Just a thought…a long one

kmd

As I sit here on the Q Train bumping “Read My Mind” from The Killers I remembered I got some killing to do myself. Now when I say kill I mean it in the figurative sense only. Even though I’m currently bumping some alternative the subject of this piece is Hip Hop under fire.

We all know the racist undertones of society aren’t leaving anytime soon. As long as the “Powers that be” continue to rule this country, Afro Americans will be considered second class citizens. Not too long ago we got our “Freedom”. Although we were one of the first immigrants here (need I remind you it wasn’t by choice) we still endure many limits to this day.

Now I’m not what you call a “Lazy Nigga”. I believe this is the land of opportunity and hard work will take you far. At the same time I know the Matrix isn’t built in our favor. Many years ago we were proud to be Black. Jay-Z said it best on “It Ain’t Personal” and I quote: “Ya’ll both Broke there ain’t no strain on the relationship”. With that said let me go back to my people. In the 20′s, 30′s, 40′s, 50′s, 60′s we as a people stood together. All we had was our pride and us. Being treated like animals made us band together and in turn sparked a revolution.

This Era brought Marcus Garvey, Malcolm X, Martin Luther King, Huey P. Newton, Eldridge Cleaver and many others. We were strong, proud and for the most part peaceful. Since The Matrix couldn’t rid itself of us, it decided to adapt and fix the problem. They sniped Martin, played us against ourselves to kill Malcolm and much more. The same situation occurred with the Panthers. We were broken as a people but the powers that be knew this was only temporary, they had to make this permanent.

Now “The Man” knew total poverty and oppression would only spark another revolutionary wave. It’s like when you put a crab in a pot. If the waters boiling and you put it in the crab will try to get out. If it’s cold and you put it in and let it slowly get warmer it won’t make any attempts to escape. That’s the game plan that’s been put into place since the early 70′s. A few of us were let in to give us hope that change was happening. To an extent it was but I have a theory of my own.

If you give someone nothing they will fight. Give the same person a little you can hold out for a longtime. So now we have credit, leases, and such. We are now ruled by our possessions. The only thing that satisfies us is the accumulation of more junk. Like Kweli said “Were survivalists turned consumers”. The illusion of a semi level playing field is what has been bestowed upon us. Today we go through new and improved racism. Racial Profiling from the police, not getting a job when qualified (we need affirmative action whether you believe in it or not) for it. During this change of strategy a new generation was born, some call it Gen X.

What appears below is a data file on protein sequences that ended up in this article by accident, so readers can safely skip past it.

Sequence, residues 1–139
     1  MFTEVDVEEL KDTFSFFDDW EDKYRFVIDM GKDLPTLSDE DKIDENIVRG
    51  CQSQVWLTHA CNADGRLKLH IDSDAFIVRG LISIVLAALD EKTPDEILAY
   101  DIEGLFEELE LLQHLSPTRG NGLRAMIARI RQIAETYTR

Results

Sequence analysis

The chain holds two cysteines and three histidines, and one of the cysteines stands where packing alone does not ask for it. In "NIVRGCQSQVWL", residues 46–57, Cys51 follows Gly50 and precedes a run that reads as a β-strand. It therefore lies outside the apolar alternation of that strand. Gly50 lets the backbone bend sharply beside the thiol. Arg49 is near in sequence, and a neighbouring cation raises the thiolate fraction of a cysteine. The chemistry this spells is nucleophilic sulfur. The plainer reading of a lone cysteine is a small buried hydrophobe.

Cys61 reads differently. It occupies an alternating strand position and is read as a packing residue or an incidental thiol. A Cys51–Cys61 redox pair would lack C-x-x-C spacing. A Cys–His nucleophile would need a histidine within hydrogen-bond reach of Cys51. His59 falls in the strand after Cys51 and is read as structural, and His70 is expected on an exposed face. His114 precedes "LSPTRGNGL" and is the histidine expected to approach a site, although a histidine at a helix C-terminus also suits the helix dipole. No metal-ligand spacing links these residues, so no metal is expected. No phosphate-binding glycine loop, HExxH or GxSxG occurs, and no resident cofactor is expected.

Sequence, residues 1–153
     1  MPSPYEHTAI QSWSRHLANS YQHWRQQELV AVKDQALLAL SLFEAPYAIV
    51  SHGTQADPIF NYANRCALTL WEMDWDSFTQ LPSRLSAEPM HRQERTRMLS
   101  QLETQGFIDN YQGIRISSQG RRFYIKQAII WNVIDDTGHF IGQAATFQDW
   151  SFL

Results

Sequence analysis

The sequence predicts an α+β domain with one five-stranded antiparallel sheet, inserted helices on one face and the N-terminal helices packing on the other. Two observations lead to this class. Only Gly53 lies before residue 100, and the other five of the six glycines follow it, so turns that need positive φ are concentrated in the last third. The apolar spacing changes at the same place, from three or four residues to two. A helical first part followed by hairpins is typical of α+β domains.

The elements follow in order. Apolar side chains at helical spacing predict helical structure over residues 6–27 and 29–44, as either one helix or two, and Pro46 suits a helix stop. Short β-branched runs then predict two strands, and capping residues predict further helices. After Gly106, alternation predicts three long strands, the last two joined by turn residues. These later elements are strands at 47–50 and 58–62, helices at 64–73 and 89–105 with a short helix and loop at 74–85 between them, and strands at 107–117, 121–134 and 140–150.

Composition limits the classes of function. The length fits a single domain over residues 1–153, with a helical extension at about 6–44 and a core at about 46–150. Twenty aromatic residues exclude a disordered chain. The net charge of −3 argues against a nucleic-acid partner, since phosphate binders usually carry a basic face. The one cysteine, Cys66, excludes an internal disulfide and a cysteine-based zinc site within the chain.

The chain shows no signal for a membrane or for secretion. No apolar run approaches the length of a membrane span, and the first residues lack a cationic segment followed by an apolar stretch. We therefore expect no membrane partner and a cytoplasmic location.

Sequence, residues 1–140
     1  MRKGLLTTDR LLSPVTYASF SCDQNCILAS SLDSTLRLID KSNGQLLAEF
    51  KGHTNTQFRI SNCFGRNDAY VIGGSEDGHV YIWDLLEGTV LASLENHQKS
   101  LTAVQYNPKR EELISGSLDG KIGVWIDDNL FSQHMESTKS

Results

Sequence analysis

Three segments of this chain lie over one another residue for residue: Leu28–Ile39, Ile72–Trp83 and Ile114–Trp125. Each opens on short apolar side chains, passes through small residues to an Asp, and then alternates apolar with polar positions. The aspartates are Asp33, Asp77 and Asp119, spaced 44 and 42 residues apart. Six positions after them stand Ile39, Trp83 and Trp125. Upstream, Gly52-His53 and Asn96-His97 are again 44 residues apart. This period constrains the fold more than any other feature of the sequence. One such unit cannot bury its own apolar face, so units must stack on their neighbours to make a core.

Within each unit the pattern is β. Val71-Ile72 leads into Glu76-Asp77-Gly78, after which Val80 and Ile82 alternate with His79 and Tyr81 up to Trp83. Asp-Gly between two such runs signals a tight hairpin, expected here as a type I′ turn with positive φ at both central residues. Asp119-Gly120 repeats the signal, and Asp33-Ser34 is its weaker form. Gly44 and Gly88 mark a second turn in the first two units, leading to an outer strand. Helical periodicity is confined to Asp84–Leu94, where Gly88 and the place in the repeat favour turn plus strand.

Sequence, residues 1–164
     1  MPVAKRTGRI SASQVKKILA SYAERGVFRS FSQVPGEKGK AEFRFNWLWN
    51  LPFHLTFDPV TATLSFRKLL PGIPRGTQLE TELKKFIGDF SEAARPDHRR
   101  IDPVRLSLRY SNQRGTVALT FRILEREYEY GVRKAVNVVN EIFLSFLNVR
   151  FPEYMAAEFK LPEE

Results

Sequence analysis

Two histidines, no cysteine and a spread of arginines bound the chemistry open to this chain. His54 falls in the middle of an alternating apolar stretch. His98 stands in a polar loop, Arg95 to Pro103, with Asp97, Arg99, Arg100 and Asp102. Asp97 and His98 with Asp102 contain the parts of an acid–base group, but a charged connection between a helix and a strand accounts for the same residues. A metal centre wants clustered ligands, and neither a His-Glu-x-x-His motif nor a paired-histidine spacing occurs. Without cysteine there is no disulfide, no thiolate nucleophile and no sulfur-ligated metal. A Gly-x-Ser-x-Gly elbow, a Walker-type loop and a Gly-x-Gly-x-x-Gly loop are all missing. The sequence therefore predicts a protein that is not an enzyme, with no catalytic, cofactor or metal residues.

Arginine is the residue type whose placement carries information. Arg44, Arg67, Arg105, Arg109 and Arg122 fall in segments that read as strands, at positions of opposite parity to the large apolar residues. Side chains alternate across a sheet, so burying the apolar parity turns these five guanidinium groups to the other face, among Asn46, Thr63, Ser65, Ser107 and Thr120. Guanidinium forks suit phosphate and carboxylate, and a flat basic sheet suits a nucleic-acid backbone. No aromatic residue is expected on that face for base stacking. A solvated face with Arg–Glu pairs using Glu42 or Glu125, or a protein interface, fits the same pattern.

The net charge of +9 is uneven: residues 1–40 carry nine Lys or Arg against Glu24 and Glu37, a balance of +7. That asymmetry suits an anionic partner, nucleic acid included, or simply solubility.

In this generation we as a people have made the entertainment and sport industries our own. Hip Hop came around during a time when opportunity for the Afro American was reflective of the civil rights era. Sure we had OJ Simpson running Touchdowns and Richard Prior making us laugh. But remember, we had Ali and Dick Gregory back then too.

Spoken word over break beats became the sound of the black youth. Artists like Busy Bee, Kool Moe Dee, KRS-1 created music that woke up the world reminding the masses that were a creative force when it comes to music. Do you remember Rock N Roll, yea we made that too. Songs like “The Message” and “Self Destruction” spoke of the troubles in the streets. The music demanded change in our communities. The music however made a change.

As the 80′s rolled by a new epidemic struck the black community with avengeance. We now know it as CRACK. Once again the man made his play and played us against each other. The Reagan Era left a bitter taste in our mouths. The sound of the people swayed from the happiness and revolution to straight Gangsta. The music painted pictures of the results of the Crack epidemic.

Songs like “Fuck The Police” and “Dope Man” emerged. The tales of street hustling and black on black crimes in our communities were the norm. When people like C. Delores Tucker and Dan Quayle stepped in wanting to ban the music it only made it more popular. Big business realized what a cash cow this music was and decided to get with the program. Only problem was they only wanted to fund one form of the music, that gangsta lifestyle. Less acts like De La Soul were getting signed and more like Snoop were being welcomed in.

Today Hip Hop is under a microscope and the witch hunt is on. The sad part is that the hunt is being led by our own people. I call them The “Upper Crusted Negro” (I’ll elaborate more another piece). All of a sudden they want to play all knowing and all seeing. Now they want to police there own and say what is right. But they damn sure wouldn’t invite you over for dinner. I haven’t seen any real rallies for justice like our true leaders of the past. They’re to use to sitting on there high horse and judging from there.

At first I took it as just people being Snobbish. After reading The Mis-Education of the Negro I’ve come to realize this isn’t new. Instead of making an attempt to come to some common ground they want to shut shit down. Judging from there pseudo Cosby family lives acting as if there skin isn’t the same as 50 Cent. I’m not in full defense of the rappers but I do have some form of understanding. Many of them have witnessed or heard second hand some of the terrible tales they paint. None of what they say is new to our communities. Crack, Murder and Prostitution run rampant in the ghetto. If the problem wasn’t there would they write about it.